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I have a number of client machines, all running Ubuntu, and recently upgraded to 13.04. I also have a Slackware-based server which includes an nfs service.

What I am aiming to do is to have access to all my documents from any client. I have copied my entire $HOME directory to the fileserver. I have used usermod -d to set my home directory to the appropriate area on the server. I use autofs to mount remote directories, so the full path is /net/tower/mnt/user/UserHome/peter.

If I log in via a text console, all is fine - my files are accessible and writable. However, if I log in via desktop, I get an error:

Could not update ICEauthority file with the full path/filename for the .ICEauthority file.

I have ensured that ownership and priveledges/permissions on the file are correct. I have tried deleting the file, I have tried creating an empty file from a text console - I still get the error.

Either I have to find a way of getting past this error, or find a way to change my $HOME after login (from my .profile?).

Can anyone help me?

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You do realize that if the NFS is not reachable your system will -not- boot? I would never consider your method and would advice to store the directory ~/Documents on that server and not /home itself. That way your system will always boot and the files (like .ICEauthority) will remain as they should be. –  Rinzwind May 8 '13 at 10:17
    
I don't understand why the system should not boot. Surely the $HOME directory structure is different for each user, and only comes into play when the user logs in? Each machine would retain at least one administrator account with its $HOME directory on the boot disk. Are you saying that it's not viable to keep a centralised home directory for an individual user, which will be accessed whichever client computer is used to login? –  Peter Bell May 8 '13 at 14:11
1  
Nope. If /home does not get mounted from /etc/fstab it will halt. "Are you saying that it's not viable to keep a centralised home directory for an individual user, which will be accessed whichever client computer is used to login?" No, I am saying that mounting a /home from another server is not good practice. I would advice to mount ~/Documents if all you care for is a central Document folder or mount a shared directory (the latter is the normal method). –  Rinzwind May 8 '13 at 14:36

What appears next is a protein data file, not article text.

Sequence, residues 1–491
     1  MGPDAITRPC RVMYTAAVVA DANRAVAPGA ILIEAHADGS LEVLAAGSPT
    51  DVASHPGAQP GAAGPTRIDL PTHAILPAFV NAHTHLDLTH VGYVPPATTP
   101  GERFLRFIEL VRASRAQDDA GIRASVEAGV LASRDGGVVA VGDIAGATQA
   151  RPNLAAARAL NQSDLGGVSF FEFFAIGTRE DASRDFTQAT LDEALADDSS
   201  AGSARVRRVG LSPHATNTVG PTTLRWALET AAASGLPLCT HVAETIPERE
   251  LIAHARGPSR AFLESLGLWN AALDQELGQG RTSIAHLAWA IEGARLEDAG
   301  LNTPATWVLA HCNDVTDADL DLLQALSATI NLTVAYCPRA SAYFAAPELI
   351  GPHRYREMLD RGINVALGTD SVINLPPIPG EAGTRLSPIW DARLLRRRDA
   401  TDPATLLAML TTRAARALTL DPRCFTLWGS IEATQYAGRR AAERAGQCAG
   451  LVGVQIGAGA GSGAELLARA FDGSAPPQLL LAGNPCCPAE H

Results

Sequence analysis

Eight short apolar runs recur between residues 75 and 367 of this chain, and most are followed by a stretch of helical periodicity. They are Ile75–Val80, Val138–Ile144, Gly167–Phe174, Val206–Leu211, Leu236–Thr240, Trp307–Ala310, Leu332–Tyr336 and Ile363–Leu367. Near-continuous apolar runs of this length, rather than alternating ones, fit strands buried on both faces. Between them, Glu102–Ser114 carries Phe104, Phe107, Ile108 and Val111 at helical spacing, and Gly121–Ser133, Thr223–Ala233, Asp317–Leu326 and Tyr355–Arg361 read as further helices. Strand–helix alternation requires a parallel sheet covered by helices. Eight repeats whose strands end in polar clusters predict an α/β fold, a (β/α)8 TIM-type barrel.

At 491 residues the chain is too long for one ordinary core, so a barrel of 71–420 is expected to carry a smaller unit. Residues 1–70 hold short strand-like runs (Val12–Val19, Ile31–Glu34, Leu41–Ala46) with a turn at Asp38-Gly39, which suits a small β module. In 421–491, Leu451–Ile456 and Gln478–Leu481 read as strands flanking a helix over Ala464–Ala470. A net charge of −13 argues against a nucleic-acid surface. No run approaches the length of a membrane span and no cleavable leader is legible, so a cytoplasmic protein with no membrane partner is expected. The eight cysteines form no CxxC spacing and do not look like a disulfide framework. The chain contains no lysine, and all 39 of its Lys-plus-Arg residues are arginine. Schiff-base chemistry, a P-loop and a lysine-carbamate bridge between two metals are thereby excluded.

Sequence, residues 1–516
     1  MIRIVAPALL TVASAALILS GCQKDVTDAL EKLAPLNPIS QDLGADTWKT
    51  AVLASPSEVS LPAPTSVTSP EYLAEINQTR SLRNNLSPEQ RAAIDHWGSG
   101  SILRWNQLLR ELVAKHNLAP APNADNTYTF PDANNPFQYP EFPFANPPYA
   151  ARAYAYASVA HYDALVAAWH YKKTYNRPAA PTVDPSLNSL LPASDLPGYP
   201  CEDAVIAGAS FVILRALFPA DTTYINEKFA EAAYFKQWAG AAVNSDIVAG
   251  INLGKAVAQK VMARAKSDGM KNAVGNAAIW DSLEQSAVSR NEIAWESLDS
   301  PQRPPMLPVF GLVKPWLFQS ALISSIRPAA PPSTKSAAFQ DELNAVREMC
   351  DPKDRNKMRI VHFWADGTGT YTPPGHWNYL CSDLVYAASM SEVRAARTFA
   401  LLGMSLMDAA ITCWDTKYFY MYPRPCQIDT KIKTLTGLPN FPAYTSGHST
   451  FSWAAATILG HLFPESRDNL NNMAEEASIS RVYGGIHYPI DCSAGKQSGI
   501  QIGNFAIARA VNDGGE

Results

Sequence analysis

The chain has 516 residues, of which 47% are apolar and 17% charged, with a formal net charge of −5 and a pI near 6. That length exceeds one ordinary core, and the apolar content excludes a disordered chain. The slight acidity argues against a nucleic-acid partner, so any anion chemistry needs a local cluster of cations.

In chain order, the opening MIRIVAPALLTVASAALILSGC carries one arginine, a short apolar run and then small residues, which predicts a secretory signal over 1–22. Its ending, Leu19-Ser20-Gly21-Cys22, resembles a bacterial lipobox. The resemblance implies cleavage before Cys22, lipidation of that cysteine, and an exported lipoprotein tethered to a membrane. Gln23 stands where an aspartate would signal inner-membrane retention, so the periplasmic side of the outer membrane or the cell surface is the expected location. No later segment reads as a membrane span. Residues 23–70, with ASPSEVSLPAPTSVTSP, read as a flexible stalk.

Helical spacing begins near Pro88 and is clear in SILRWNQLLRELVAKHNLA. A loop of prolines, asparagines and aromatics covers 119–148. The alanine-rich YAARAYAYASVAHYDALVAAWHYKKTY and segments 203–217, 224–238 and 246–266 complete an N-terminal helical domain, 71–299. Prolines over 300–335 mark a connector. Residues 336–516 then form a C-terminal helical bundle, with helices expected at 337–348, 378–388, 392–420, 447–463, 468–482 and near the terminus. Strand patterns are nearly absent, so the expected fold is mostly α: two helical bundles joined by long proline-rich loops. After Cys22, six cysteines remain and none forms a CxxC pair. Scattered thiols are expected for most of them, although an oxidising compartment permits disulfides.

I'm sorry to be so stupid, but I really do not understand " If /home does not get mounted from /etc/fstab it will halt." I have no problem with /home being mounted at boot time, and that would contain, at least, the $HOME directory structure for the system administrator. However,what I was hoping to achieve was for the home directory structure of other users to be located elsewhere. This can, after all, be achieved by 'usermod -d'. If this 'elsewhere' happens to be on an nfs server, should the system care? –  Peter Bell May 9 '13 at 0:29
    
What I am trying to do certainly works for a text console login, but fails for a gnome login. You have given me an idea, though - perhaps I need to add the remote home directory device to the fstab .. at the moment it is only being mounted by autofs. –  Peter Bell May 9 '13 at 0:30

1 Answer 1

My advice won't solve all your problems, but you may find it enough. You could have only a bunch of directories in the NFS server. i.e., the Documents directory. To do so, mount your nfs server home somewhere like /media/nfs_server/home. Then change the contents of the file ~/.config/user-dirs.dirs

There you can change the Documents default dir and set it to your NFS server home:

You should have something like:

XDG_DOCUMENTS_DIR="$HOME/Documents"

Change it to:

XDG_DOCUMENTS_DIR="/media/nfs_server/home/my_login/Documents"

Replace it to where you really mount your NFS server and your real login. You could even try something like: /media/nfs_server/$HOME/Documents, but it depends of your server directories.

Hope this helps.

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This method will work and does not touch the files directly residing in /home/$USER (ie. the hidden files). Though I myself would use a shared directory (ie. a mountpoint /share for instance). –  Rinzwind May 8 '13 at 14:40

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